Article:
Design & UX
Online privacy is that thing you kind of gave up the moment you embraced the internet. Or, at least, that is my point of view after a two month project on the subject. But there’s hope: more and more companies are taking initiatives in fixing this twisted state of affairs and I gratefully got to be part of one of them.
A couple weekends ago I had the pleasure of participating in a Protohacks event in Toronto. The topic of the hackathon was education, with the challenge centred around creating a product that met the challenges of today regarding at the intersection of education and technology.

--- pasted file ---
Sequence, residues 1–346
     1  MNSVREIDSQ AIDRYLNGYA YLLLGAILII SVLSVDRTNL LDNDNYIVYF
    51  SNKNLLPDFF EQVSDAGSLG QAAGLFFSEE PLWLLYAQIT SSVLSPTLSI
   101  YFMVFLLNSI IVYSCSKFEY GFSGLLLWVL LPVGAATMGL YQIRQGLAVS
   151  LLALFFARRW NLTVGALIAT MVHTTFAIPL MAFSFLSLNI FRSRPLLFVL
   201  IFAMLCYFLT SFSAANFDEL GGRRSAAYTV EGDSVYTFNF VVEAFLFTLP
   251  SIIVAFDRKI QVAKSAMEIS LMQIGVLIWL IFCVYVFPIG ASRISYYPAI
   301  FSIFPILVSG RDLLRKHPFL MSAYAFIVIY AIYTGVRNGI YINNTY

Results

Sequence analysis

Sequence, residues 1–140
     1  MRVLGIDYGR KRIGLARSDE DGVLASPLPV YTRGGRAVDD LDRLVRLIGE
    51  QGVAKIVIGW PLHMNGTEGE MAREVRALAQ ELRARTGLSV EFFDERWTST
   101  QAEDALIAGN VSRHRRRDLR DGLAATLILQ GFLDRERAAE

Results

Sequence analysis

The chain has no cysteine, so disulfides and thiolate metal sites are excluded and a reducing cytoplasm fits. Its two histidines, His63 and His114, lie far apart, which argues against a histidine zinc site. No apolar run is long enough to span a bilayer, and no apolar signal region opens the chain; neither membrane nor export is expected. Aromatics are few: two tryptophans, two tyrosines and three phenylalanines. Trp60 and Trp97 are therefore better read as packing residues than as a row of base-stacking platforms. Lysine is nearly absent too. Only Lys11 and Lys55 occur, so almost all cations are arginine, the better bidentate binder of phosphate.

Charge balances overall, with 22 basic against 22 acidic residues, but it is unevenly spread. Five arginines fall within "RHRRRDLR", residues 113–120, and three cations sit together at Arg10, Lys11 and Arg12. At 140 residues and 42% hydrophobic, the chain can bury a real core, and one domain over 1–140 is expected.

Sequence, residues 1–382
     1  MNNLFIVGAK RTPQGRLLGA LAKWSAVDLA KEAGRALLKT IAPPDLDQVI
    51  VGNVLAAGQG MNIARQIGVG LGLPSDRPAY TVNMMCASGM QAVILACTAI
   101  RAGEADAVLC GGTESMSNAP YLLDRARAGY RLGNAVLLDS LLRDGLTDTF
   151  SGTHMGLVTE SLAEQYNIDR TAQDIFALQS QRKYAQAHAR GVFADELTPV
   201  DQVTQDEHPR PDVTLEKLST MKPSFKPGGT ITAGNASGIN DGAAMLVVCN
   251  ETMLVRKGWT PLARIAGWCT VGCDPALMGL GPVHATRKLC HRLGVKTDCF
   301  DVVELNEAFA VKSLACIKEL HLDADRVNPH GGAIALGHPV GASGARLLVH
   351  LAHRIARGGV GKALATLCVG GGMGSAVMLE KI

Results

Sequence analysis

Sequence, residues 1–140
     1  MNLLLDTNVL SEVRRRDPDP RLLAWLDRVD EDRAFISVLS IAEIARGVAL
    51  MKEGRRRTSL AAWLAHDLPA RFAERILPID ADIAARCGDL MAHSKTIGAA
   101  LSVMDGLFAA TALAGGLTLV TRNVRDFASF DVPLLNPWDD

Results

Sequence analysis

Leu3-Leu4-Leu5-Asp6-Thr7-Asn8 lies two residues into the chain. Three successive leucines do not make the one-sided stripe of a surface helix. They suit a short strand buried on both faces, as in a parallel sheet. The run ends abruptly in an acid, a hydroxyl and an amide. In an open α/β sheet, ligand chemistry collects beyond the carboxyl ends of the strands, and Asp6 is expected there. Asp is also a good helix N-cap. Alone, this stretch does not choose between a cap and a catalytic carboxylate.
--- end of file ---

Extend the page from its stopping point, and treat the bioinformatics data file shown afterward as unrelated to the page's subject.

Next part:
Personalisation in product design is dangerous ground. There is a fine line between classy and tacky when it comes down to the user’s perception of your brand or product. Too much choice makes a product feel immature and disregarded, too little choice and your users could cry for more but if you get it just right then it’s a very powerful marketing technique. Head hurt already?
Wasn’t this supposed to be a social network? Something about people and keeping in touch? Unfortunately, it’s impossible to catch up when you are flooded by tweets, retweets, news, and spam and have no sense of start and end. Let’s rethink the design.